Come, Follow Me: A Sword Bathed In Heaven

A true disciple asks if he is the cause of the Lord’s impending justice.

There is a famous saying: “It’s nice to be important, but it’s more important to be nice.”

This sentiment has been echoed from pulpits to billboards across the country. As political, social, and cultural passions have strained the bonds between neighbors and countrymen, it is not surprising to see a legitimate desire among people of good faith to restore kindness and good will among all men.

Unfortunately, there are as many (if not more) voices whose cries for “niceness” are only directed at their political opponents and cultural rivals: You are supposed to be nicer to me! or The way you’re treating me isn’t very Christlike!

Of course, Christ did preach mercy and forgiveness. Who can forget the parable of the prodigal son or the good Samaritan? Obviously, a teacher who would extend kindness to the adulteress, the publican, or the sinner would agree with the sentiment “It’s nice to be important, but it’s more important to be nice,” right?

This week, our Come, Follow Me curriculum introduces us to the Doctrine and Covenants with the words of our loving Savior, Jesus Christ:

Wherefore the voice of the Lord is unto the ends of the earth, that all that will hear may hear:

Prepare ye, prepare ye for that which is to come, for the Lord is nigh;

And the anger of the Lord is kindled, and his sword is bathed in heaven, and it shall fall upon the inhabitants of the earth.

And the arm of the Lord shall be revealed; and the day cometh that they who will not hear the voice of the Lord, neither the voice of his servants, neither give heed to the words of the prophets and apostles, shall be cut off from among the people;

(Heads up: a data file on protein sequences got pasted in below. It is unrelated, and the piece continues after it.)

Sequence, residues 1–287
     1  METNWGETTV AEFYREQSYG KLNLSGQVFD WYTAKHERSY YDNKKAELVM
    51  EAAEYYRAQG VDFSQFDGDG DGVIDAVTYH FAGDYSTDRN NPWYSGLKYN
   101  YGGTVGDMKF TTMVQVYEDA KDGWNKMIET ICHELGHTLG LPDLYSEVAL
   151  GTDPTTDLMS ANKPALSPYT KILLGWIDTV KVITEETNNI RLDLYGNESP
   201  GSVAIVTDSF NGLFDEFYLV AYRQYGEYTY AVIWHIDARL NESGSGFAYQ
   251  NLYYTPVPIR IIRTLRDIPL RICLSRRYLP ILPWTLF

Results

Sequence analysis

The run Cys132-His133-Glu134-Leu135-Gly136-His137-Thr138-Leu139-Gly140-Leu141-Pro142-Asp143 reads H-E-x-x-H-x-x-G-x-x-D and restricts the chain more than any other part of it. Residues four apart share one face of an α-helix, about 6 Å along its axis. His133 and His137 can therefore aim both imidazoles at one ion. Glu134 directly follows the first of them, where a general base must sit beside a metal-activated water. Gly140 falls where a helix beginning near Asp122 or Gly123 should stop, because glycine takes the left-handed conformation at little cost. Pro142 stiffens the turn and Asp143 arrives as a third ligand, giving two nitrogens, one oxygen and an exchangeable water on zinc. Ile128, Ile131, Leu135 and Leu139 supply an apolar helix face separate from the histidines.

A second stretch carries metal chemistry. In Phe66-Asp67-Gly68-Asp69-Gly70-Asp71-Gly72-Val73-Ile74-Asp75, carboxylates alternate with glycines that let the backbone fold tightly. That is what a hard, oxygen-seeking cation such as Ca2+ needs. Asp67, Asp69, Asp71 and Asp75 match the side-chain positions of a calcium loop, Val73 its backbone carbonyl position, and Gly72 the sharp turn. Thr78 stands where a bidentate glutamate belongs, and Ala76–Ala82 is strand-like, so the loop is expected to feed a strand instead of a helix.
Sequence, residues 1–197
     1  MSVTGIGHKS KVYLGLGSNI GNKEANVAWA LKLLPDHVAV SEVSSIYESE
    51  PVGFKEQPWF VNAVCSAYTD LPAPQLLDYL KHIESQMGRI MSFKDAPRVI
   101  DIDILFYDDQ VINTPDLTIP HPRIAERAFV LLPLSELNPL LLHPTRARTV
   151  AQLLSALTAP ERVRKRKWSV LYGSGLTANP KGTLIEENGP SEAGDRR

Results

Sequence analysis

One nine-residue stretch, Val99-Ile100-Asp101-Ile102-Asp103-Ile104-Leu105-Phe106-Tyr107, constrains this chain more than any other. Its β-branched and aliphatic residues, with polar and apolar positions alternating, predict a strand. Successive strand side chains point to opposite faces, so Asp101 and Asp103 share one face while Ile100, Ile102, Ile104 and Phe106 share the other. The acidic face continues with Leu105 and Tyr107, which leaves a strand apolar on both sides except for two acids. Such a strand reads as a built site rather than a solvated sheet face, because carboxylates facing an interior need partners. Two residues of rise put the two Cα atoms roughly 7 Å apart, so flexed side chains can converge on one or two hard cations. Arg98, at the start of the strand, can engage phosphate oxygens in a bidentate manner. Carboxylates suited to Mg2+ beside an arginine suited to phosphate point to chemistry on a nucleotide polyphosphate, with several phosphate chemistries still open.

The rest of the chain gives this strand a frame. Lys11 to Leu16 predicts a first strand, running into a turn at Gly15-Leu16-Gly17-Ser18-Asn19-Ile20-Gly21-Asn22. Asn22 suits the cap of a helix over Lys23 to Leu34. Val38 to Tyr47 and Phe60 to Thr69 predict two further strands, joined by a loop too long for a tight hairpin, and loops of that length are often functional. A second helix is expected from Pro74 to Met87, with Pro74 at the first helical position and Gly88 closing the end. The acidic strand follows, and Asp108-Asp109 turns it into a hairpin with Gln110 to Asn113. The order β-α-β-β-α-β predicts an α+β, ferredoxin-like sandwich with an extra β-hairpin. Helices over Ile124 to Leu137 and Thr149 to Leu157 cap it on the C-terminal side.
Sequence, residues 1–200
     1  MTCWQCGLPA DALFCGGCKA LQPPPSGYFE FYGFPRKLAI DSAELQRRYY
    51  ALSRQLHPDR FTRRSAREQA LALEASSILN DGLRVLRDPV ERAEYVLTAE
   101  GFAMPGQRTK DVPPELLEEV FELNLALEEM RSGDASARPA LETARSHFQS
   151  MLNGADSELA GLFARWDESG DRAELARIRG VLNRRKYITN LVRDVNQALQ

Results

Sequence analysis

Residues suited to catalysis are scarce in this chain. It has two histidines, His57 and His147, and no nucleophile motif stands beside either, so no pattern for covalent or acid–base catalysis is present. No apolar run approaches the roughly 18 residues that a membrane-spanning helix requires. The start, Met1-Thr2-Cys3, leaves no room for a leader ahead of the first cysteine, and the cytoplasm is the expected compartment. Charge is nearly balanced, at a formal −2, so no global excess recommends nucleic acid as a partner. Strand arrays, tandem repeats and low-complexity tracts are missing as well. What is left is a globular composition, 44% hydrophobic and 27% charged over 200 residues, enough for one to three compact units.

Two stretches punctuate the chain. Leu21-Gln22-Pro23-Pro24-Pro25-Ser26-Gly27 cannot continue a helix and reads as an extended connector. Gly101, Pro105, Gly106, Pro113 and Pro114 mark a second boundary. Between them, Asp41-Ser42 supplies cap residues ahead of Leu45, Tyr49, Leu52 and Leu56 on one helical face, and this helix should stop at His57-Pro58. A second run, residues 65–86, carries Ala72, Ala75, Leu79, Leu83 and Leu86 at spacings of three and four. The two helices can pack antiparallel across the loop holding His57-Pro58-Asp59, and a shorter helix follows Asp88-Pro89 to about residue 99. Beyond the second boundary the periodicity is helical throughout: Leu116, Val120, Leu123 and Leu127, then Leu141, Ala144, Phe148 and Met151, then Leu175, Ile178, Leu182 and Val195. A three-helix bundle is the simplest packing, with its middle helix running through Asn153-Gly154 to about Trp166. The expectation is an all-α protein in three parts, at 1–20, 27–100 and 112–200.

For they have strayed from mine ordinances, and have broken mine everlasting covenant;

They seek not the Lord to establish his righteousness, but every man walketh in his own way, and after the image of his own god, whose image is in the likeness of the world, and whose substance is that of an idol, which waxeth old and shall perish in Babylon, even Babylon the great, which shall fall.”

Doctrine and Covenants 1:11-16

This harsh tone may come as a surprise to those who are not familiar with all the scriptures. While Jesus was incredibly loving and merciful, His was not a gospel of “do whatever.” He challenged people to increase their faith, He invited everyone to repent, and He counseled men to forsake the world in favor of His unfailing Kingdom. It was not His “kindness” or “niceness” that provoked the chief priests to cry “Crucify him!” before Pilate.

For those who understand that Jesus Christ is the same I AM in the Old Testament who unleashed ten terrible plagues on the Egyptians, or allowed His covenant people to fall into bondage and destruction, the words of section one will carry a strong familiarity.

Jesus is the opposite of cruel, and when “his sword is bathed in heaven” prepared to fall on the inhabitants of the earth, the honest disciple does not lash out at his prophets and apostles demanding changes, answers, or signs… the honest disciple looks inward in humility and asks, “Lord, is it I?

If Jesus declares that his anger is kindled, the honest disciple does not immediately point the finger of blame at his political opponents or cultural rivals… the honest disciple falls to his knees and begs for mercy, knowing he has played a part in kindling his Lord’s anger.

If Jesus declares that His people have strayed from His ordinances and broken His everlasting covenant, the honest disciple does not seek to excuse himself on some technicality of what he thinks he has covenanted… the honest disciple seeks, as Abraham did, to be a “greater follower of righteousness.

While it is true that some people absolutely need to show more kindness, the ultimate goal is not “niceness.” It is JESUS CHRIST. And if He finds occasion to bathe His sword of the heavens over the people He loves, then perhaps there is something more important than niceness… Based on how He introduces the Doctrine and Covenants, this more important thing would include His doctrine of faith, penitence, and following his prophets and apostles.

I would suggest this:

It’s important to be nice, but it’s nicer to do what’s more important.

Supplemental Reading:

Brett Jensen manages The Ward Preacher. You can follow him on Twitter @wardpreacher.

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